The Vaishnava tradition is famous for its festivals. And within ISKCON, the New Vrindaban community in West Virginia has become one of the most renowned places to celebrate — both because of its rustic beauty, and because of its unique Krishna-centered events.
As New Vrindaban finds a fresh start and rebuilds itself, festivals have been found to be one of the best ways to inspire and bring together devotees, as well as to develop a mutually appreciative relationship with the local public.
The longest running of these festivals, and the most important to Krishna devotees, is, of course, Janmastami, Lord Krishna’s appearance day. First observed in New Vrindaban in 1970, it’s now celebrated on four different days—August 16th, 17th, 23rd, and 30th this year. And it draws 400 devotees and congregation members on each, with 1,000 flooding in for the main event.
People pack into the large temple room, decorated to the rafters with festoons and balloons, to chant and dance before the three shining golden altars and to hear Krishna’s pastimes all day long. They even go on pilgrimage to an area of the community representing the sacred Govardhana Hill, just as they would in the original Vrindaban.
In the evening, Sri Sri Radha-Vrindaban Chandra are bedecked in outfits made entirely from flowers. And as darkness falls, They are seated on a 15-foot swan boat draped in festive lights, and glide out over the water of New Vrindaban’s “Swan Lake” in graceful figure eights.
From the banks, devotees belt out a tumultuous kirtan, as fireworks burst in the night sky. It’s the kind of atmospheric touch that New Vrindaban brings to all its events.
Many of New Vrindaban’s festivals have unique features. The community’s celebration of Lord Nrsimhadeva’s appearance, for instance, brings with it an increased spiritual depth, because New Vrindaban is home to the only full-size Nrsimha Deity in North America.
Sculpted by resident artist Soma Das and installed in 1986, the ferocious Lord with His deep black skin, sharp teeth and nails and golden mane is seven feet tall.
Every year on Nrsimha Caturdasi (Lord Nrsimha’s appearance day) in May, local devotees and some from across North America come to worship Him with ecstatic kirtans and abhishekas. For them, there’s something undeniably intimate and sweet about bathing the fearsome Deity, Whom they look to for protection
On a larger scale, meanwhile, is Festival of Inspiration. “It was started by Anuttama Prabhu and mother Rukmini in 2000,” says New Vrindaban festival organizer Vrindavan Das. “Then Malati Prabhu ran it for 12 years, before training me up and handing it over to me last year.”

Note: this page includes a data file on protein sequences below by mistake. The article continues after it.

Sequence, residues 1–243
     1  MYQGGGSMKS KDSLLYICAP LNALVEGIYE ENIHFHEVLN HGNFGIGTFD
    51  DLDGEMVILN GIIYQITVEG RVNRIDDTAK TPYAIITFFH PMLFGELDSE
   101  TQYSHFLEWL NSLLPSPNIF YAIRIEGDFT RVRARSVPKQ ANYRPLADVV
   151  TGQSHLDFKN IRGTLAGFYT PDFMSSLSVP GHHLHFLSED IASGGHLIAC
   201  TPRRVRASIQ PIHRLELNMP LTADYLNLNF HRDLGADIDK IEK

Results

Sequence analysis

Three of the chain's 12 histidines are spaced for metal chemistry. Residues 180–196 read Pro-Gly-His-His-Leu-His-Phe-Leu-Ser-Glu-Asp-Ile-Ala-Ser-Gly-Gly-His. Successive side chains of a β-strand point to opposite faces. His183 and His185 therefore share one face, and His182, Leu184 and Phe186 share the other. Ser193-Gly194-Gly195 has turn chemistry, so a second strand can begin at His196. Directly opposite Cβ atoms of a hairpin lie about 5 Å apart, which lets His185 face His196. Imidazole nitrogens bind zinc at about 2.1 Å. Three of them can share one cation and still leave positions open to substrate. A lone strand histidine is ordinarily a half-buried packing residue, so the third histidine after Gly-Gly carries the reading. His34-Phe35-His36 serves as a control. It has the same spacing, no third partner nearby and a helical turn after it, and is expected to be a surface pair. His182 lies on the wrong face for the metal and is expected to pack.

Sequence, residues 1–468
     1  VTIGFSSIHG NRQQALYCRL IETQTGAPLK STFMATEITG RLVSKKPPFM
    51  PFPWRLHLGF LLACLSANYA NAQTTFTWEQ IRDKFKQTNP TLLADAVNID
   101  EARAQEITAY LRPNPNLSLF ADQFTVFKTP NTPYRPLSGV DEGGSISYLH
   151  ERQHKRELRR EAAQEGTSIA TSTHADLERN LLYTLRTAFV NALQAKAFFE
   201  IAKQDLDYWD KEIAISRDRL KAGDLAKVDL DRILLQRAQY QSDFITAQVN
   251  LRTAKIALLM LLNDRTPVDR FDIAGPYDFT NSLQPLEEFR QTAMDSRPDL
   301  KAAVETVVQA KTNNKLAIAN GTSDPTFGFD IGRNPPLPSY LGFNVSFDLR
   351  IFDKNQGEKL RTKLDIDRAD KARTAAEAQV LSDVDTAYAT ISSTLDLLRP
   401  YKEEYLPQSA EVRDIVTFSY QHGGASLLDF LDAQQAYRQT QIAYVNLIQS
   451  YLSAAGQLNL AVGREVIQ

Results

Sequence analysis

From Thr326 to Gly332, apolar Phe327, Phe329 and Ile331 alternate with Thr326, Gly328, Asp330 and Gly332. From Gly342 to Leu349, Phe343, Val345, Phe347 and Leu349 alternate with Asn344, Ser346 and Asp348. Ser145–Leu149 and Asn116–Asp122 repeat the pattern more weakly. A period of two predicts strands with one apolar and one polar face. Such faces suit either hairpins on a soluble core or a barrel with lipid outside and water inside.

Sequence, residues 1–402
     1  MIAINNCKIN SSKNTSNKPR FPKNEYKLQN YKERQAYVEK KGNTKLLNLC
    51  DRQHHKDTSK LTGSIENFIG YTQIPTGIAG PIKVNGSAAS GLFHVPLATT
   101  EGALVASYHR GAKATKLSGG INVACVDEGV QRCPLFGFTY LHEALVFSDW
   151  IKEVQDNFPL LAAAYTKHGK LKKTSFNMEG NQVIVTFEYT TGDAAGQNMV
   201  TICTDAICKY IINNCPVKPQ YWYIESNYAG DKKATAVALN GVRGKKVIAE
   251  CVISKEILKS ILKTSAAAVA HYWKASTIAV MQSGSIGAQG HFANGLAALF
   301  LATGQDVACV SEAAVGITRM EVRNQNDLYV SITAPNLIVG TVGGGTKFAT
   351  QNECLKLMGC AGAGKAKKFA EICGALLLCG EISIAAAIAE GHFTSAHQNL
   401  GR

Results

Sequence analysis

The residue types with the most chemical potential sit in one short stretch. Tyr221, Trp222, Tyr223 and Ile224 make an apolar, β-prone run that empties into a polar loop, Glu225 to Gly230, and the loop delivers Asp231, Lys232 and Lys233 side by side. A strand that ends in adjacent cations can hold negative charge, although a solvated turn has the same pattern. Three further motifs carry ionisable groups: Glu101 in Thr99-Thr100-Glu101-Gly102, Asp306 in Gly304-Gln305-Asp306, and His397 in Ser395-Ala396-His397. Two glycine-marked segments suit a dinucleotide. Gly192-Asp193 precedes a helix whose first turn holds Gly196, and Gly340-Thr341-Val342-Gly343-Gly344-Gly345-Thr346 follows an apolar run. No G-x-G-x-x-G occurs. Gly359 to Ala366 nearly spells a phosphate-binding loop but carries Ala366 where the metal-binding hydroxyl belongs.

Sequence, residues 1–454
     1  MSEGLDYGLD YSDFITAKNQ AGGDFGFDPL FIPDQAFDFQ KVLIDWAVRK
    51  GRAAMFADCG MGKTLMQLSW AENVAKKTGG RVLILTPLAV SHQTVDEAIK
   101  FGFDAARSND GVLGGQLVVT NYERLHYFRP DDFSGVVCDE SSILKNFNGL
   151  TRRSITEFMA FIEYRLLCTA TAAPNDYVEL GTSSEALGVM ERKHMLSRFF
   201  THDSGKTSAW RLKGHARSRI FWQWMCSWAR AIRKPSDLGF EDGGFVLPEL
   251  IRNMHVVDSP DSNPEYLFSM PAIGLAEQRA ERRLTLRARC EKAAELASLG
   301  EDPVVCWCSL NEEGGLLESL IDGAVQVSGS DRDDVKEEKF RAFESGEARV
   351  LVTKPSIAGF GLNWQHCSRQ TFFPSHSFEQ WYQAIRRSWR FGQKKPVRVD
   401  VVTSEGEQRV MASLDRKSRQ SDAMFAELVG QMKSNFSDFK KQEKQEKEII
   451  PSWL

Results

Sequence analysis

The 14th annual FOI will run from May 9th to 11th over Mother’s Day Weekend this year, and is expected to draw 500 to 600 devotees. Twenty-two seminars and workshops on all aspects of Krishna conscious philosophy, arts and culture will be given by Bhakti Marg Swami, Malati Dasi, Rukmini Dasi, Vaisesika Das, Srutakirti Das and many more.
Presentations at FOI are diverse, offering a Krishna-ized take on such topics as music, marriage, art and photography, travel, yoga, and holistic health. With several seminars on offer at any given time, attendees hop from classroom to classroom, trying to catch their favorite speakers.
Mornings feature themed classes by senior devotees on Srila Prabhupada’s pastimes or other inspirational topics. And evenings are full of the best spiritual entertainment for every taste – there’s bhajans, rock music, Bharat Natyam dancing, dramas, stand-up comedy and much more.
“Festival of Inspiration is perfect for devotees — they get wonderful association with peers and senior devotees, high quality presentations, and of course quality prasadam!” says Vrindavan.
Just as beloved by devotees are the appearance and disappearance days of ISKCON’s founder Srila Prabhupada, to be held on August 18th and October 27th this year. On both days, there are two programs – one in the temple, and one at Prabhupada’s Palace of Gold.
Devotees congregate for over three hours in each location to hear about Srila Prabhupada from senior devotees like Malati Dasi, and many who helped build the palace for their beloved guru with their own hands, like Varshana Swami, Gaura Shakti Das, Nityodita Das, and Soma Das.
“Prabhupada spent quite some time here at New Vrindaban,” says Vrindavan Das. “So as they recount their memories you can hear how each devotee has a personal relationship with him and how he touched each of them in an exceptional way. It’s very, very moving to hear them speak.”